World Natural Heritage
Amamigunto national park was established in 2017 and spans the Amami island group, part of the Ryukyu Islands. Amami islands have a varied topography, with distinctive coral-encircled coastlines, mountains, subtropical evergreen broad-leaved forests, flatlands and unusual rock formations. Each island on the Amami chain has a distinct culture, which incorporate elements from both Okinawan and Kyushu traditions. However, they are linked by one common thread, an island lifestyle that is inextricably intertwined with the natural environment.
Over the past 10 million years this island has repeatedly connected and broken away from Japan and Eurasia, finally separating approximately 2 million years ago. The landmass was then separated into the several islands seen today. These geological shifts allowed numerous endemic animal and plant species to evolve in isolation, including the Amami rabbit, the Ryukyu long-tailed rat and banded ground gecko. Some of these species are not only endangered but are relict species that retain characteristics no longer seen on either Japan or the mainland.
|About 12 million years ago|
|About 12 to 2 million years ago|
|About 2 million years ago to the present|
Banded ground gecko
Tokunoshima spiny rat
The island’s two tallest peaks are Mt. Inokawadake (645 meters) and Mt. Amagidake (533 meters), while smaller hills pepper the landscape. The steep slopes of Mt. Amagidake are covered by chinquapin, hardy evergreen trees in the beech family that can withstand the strong winds which buffet the forest. Locals say that Mt. Amagidake resembles a sleeping pregnant woman and call it ‘nesugata-yama’, literally ‘sleeping-form-mountain’. Various spesies inhabit these forests including rare and endemic species such as Amami rabbit.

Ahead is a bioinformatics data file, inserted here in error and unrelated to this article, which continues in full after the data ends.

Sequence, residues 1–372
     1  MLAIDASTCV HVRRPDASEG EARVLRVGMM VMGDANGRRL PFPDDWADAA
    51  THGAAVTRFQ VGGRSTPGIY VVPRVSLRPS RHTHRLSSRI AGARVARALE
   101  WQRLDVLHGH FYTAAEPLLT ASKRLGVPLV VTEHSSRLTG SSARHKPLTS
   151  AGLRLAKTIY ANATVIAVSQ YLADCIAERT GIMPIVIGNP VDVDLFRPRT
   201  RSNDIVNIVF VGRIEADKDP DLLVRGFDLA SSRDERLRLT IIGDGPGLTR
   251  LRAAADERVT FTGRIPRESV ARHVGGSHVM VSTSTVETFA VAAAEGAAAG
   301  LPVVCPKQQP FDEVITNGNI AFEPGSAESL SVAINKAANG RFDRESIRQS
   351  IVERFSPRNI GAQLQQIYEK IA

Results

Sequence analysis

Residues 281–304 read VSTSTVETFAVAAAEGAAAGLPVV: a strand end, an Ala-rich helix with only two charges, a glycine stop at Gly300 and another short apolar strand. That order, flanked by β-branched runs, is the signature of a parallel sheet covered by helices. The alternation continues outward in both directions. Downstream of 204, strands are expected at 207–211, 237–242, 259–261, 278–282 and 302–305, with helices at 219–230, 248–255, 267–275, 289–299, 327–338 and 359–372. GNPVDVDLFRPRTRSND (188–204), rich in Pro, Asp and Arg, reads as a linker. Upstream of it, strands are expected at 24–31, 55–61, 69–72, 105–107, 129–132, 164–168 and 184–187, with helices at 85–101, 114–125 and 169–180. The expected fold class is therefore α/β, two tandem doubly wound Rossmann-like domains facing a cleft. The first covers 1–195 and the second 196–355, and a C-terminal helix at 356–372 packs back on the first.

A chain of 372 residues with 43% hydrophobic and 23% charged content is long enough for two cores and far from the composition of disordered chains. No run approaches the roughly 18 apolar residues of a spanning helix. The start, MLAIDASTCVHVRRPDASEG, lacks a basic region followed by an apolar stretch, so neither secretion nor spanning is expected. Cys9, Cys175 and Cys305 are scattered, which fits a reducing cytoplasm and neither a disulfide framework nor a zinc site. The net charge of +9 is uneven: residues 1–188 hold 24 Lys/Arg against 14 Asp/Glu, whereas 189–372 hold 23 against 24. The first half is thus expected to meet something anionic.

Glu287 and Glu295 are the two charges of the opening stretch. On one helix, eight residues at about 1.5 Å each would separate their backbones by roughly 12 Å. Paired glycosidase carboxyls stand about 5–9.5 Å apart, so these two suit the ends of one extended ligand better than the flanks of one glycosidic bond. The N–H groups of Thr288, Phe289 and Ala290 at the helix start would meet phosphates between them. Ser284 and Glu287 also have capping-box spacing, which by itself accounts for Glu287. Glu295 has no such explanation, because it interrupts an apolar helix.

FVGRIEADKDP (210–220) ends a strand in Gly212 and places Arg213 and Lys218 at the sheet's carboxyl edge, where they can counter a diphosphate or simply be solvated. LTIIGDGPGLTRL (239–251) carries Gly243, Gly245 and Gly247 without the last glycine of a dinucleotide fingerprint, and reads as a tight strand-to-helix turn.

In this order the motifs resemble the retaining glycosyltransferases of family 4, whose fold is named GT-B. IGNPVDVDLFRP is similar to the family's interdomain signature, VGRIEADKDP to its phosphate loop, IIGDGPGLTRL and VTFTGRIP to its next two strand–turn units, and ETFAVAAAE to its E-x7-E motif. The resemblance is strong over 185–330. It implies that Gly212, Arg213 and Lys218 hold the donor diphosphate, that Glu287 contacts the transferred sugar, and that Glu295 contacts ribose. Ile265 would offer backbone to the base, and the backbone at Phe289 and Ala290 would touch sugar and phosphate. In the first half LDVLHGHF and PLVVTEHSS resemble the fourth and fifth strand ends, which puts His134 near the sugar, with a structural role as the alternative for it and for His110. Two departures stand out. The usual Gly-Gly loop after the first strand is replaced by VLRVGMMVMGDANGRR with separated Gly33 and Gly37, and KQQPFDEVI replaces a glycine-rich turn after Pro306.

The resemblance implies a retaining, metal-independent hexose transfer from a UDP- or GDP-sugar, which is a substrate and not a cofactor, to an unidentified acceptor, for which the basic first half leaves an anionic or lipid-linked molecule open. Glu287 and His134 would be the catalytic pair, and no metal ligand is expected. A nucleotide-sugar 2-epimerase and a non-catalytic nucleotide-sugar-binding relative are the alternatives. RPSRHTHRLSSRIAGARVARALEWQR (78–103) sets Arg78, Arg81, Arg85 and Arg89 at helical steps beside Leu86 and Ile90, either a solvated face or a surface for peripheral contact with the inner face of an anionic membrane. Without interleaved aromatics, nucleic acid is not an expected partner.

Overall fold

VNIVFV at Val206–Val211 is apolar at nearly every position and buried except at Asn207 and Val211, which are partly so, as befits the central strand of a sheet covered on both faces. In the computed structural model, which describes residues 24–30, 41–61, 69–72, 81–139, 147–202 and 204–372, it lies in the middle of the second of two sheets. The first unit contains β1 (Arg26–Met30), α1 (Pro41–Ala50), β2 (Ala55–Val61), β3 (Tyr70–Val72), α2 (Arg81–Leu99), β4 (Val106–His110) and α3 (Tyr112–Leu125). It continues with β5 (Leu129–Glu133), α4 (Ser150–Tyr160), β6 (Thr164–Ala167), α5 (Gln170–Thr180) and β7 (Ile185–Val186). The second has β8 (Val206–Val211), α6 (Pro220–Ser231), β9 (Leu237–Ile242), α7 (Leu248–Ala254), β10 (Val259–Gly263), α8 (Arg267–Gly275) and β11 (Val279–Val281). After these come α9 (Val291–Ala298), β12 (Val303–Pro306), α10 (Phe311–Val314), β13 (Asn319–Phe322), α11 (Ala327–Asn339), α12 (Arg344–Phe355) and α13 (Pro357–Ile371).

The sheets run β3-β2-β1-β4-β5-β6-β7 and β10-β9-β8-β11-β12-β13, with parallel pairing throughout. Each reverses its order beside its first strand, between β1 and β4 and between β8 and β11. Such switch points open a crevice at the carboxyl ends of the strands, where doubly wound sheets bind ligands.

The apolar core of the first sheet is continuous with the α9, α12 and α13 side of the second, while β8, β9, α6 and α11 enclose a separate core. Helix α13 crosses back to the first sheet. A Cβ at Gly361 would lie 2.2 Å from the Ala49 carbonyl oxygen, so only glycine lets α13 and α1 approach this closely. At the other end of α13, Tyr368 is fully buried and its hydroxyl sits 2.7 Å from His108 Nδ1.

Some outstanding natural sites in Tokunoshima include the distinctive craggy coastal rock formations at Mushiroze, Innojofuta, and Cape Inutabu, white sandy beach at the Aze Prince Beach and Kinen Beach, and the Kanamizaki Sotetsu (Sago Palm) Tunnel.
People in the Amami Islands are still deeply connected to the natural world. Livelihoods, traditional culture, and wisdom endemic to the island are still being passed down. They include island songs, harvest festival and island cuisine.